However Jordan Hatch, heavy equipment an trucking instructor at CEU felt differently.
"I think we are operating on the false premise that this school is broken," he said. "We are presently operating on the budget we were given and are doing just fine. We had to cut but I would rather have the people who work here swinging the ax rather than having someone at Utah State do it. I am sure our faculty would be willing to do what it takes to keep this school going. The problem is that you (directing his comments to the regents panel) are looking at this from the outside. We are on the inside looking out."
Ross Sacco, long time faculty member at CEU took a more middle ground, but a cautious one.
"Part of the problem here is that we all realized a long time ago that we were a part of the Wasatch behind and not the Wasatch Front," he said as the gathering erupted with laughter. "We are holding back because of our past experiences in dealing with things from upstate. I think if the legislature could have your vision as to what could happen it would be fine. But in a way I feel we might be used by USU. They may use their tie to us (energy related programs) to get money and the we might not any of that money here."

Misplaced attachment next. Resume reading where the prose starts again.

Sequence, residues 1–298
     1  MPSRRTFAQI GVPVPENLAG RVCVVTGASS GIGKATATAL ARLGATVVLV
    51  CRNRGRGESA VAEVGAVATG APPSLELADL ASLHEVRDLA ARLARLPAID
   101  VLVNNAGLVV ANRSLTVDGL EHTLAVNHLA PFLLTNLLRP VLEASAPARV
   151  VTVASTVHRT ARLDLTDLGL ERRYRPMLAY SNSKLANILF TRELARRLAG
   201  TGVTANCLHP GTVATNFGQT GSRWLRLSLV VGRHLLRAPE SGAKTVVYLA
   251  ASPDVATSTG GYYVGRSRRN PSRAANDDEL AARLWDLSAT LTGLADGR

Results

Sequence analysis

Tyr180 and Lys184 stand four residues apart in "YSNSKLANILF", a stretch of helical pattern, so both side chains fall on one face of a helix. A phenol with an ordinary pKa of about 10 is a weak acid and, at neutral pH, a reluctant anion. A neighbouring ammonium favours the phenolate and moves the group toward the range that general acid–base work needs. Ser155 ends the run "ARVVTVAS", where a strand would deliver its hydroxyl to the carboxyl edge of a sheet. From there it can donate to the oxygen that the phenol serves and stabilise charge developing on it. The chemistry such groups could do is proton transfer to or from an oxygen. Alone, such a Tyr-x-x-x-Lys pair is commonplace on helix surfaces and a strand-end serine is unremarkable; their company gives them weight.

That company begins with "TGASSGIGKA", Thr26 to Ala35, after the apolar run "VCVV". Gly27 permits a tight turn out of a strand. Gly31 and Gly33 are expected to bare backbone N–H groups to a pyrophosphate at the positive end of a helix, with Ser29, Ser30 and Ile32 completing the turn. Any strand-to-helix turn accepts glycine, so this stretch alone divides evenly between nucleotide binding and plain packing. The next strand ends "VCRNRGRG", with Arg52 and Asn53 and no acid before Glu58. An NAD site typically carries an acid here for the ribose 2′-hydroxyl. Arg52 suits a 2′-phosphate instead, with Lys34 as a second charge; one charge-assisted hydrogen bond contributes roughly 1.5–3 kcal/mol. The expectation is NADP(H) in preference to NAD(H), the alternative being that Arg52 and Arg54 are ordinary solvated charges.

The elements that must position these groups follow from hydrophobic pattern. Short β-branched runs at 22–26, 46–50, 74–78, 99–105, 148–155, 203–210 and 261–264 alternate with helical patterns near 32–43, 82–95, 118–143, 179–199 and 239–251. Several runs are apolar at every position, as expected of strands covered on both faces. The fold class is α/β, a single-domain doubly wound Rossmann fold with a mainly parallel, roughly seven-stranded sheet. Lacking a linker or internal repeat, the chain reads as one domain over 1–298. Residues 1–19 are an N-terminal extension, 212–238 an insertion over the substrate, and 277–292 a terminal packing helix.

The panel listened to everyone's comments and answered questions but in the end it came down to a statement that commissioner of higher education, Bill Sederburg made almost at the end of the meeting. After panel members had explained that they came to the recommendation because of the changing world of education and how CEU needs to fit into Sederburg reinforced it with what he said is the reality of education today.
"Some schools have found niches they can fill, like the University of Phoenix," he said. "They are successful and growing. The truth is that small schools like CEU need a senior partner to complete in the marketplace for students."
The plan the task force has come up with will be presented to the entire board of regents Friday at UVU between 1 and 3 p.m. in the afternoon.
Legislators have said they would like to hear from constituents about this issue so they can make a balanced decision on how to vote on it if it comes before the legislature next session. They can be contacted through email. Patrick Painter contact is email@example.com. David Hinkins email is firstname.lastname@example.org. Christine Watkins email is email@example.com. Kay Mciff is firstname.lastname@example.org.